Lost in Translation: Rethinking the Inequality-Equivalence Criteria for Bounded Health Variables
What change in the distribution of a population’s health preserves the level of inequality? The answer to this analogous question in the context of income inequality lies somewhere between a uniform and a proportional change. These polar positions represent the absolute and relative inequality equivalence criterion (IEC), respectively. A bounded health variable may be presented in terms of both health attainments and shortfalls. As a distributional change cannot simultaneously be proportional to attainments and to shortfalls, relative inequality measures may rank populations differently from the two perspectives. In contrast to the literature that stresses the importance of measuring inequality in attainments and shortfalls consistently using an absolute IEC, this chapter formalizes a new compromise concept for a bounded variable by explicitly considering the two relative IECs, defined with respect to attainments and shortfalls, to represent the polar cases of defensible positions. We use a surplus-sharing approach to provide new insights on commonly used inequality indices by evaluating the underpinning IECs in terms of how infinitesimal surpluses of health must be successively distributed to preserve the level of inequality. We derive a one-parameter IEC that, unlike those implicit in commonly used indices, assigns constant weights to the polar cases independent of the health distribution.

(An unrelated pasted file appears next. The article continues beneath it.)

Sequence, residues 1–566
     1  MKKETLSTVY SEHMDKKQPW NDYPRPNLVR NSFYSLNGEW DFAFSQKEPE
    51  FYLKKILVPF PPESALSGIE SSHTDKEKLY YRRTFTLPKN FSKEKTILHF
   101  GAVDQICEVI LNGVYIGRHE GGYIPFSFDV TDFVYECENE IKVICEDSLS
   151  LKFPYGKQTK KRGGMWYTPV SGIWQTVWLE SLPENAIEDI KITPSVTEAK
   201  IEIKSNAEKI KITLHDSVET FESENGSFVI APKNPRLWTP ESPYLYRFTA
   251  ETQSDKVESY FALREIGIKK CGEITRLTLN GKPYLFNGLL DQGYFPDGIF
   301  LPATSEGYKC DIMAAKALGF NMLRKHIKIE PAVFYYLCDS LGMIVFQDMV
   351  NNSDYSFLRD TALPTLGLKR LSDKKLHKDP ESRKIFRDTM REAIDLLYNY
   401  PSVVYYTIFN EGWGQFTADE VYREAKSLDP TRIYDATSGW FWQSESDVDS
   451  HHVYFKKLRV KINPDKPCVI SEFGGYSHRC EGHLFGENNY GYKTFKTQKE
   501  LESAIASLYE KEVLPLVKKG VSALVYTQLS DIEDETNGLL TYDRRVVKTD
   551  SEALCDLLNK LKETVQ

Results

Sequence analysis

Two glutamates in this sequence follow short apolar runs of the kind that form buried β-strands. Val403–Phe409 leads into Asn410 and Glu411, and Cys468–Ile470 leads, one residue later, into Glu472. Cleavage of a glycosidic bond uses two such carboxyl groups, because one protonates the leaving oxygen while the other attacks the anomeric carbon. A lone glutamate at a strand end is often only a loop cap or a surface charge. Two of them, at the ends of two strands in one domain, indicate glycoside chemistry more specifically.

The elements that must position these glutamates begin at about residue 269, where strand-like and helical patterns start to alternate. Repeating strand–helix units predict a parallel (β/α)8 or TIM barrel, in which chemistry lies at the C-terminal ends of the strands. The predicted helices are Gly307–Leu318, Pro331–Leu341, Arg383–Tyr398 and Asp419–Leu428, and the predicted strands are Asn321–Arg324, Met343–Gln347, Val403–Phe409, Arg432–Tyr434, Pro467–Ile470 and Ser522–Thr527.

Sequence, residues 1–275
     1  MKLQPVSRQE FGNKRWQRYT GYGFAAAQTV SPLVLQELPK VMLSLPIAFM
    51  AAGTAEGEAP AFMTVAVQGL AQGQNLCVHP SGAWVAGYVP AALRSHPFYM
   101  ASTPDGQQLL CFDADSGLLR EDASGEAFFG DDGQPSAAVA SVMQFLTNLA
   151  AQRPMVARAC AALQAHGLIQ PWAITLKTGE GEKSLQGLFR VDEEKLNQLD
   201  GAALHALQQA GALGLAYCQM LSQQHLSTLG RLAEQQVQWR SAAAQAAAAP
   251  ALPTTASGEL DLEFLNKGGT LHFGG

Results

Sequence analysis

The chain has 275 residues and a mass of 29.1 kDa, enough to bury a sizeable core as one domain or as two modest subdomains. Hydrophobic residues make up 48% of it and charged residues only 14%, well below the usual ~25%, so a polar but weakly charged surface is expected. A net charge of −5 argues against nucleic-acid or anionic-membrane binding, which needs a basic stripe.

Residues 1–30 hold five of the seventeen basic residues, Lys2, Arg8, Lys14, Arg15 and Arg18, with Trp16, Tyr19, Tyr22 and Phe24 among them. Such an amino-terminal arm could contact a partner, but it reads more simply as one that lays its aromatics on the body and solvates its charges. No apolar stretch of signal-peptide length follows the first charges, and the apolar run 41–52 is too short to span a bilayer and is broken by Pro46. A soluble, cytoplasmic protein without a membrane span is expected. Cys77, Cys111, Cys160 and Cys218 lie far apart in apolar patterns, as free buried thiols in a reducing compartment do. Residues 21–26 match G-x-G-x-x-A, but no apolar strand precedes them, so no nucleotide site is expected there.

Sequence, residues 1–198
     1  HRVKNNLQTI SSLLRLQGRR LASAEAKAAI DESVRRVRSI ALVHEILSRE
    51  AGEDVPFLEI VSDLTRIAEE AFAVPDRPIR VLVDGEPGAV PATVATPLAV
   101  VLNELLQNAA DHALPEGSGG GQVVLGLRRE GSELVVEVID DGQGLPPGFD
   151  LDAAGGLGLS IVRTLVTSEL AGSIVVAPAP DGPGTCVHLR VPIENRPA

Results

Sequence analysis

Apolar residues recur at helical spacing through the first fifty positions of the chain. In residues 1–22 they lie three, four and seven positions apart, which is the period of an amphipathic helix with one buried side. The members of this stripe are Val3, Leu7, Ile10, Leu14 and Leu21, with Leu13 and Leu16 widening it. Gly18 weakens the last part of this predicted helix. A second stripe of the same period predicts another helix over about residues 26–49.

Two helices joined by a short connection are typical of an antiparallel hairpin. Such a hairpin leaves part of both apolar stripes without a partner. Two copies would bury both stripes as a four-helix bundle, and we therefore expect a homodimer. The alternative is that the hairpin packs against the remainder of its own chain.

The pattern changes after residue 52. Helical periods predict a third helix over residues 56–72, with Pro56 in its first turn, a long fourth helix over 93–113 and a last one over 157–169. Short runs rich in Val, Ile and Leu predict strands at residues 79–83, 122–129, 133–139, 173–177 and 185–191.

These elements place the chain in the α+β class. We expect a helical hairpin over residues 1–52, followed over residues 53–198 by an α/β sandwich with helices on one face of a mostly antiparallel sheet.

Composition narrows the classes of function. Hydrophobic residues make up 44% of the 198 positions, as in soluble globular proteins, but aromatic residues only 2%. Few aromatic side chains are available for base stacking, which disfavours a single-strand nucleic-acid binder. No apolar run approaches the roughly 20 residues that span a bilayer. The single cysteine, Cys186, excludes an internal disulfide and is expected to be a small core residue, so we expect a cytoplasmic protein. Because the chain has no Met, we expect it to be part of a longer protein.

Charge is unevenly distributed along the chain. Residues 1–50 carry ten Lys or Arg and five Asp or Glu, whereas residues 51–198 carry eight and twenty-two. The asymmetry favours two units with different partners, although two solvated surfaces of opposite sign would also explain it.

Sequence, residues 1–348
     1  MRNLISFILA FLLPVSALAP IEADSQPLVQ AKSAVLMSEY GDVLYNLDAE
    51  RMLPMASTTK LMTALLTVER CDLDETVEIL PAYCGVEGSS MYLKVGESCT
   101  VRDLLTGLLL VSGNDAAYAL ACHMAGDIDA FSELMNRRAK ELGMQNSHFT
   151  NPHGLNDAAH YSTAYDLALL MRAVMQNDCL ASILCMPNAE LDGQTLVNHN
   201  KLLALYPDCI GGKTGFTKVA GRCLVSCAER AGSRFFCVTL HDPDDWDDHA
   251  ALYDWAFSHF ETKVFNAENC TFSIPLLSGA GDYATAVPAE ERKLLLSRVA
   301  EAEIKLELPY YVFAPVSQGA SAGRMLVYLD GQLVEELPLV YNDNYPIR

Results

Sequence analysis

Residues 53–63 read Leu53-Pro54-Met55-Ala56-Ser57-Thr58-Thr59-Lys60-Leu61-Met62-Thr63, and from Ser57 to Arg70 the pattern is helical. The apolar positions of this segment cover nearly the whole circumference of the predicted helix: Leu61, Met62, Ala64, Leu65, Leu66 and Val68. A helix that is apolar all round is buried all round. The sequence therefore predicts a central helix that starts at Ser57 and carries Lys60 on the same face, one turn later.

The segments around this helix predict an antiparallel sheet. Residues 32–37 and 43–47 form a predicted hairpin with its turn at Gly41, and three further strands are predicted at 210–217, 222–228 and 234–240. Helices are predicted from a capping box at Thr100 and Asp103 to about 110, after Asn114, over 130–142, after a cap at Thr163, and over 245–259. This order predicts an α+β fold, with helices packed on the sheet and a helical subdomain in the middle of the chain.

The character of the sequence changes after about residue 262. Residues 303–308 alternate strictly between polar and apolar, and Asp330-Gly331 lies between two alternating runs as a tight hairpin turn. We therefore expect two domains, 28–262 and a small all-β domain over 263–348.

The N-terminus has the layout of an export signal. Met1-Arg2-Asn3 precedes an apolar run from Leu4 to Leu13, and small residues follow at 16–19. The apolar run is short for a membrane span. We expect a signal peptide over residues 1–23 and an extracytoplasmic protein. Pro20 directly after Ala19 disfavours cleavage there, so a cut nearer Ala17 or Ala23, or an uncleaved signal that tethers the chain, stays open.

|Date of creation:||29 May 2013|
|Date of revision:||02 Jan 2014|
|Publication status:||Published as Kjellsson, Gustav and Ulf-G. Gerdtham, 'Lost in Translation: Rethinking the Inequality-Equivalence Criteria for Bounded Health Variables' in Research on Economic Inequality, 2013, pages 3-32.|
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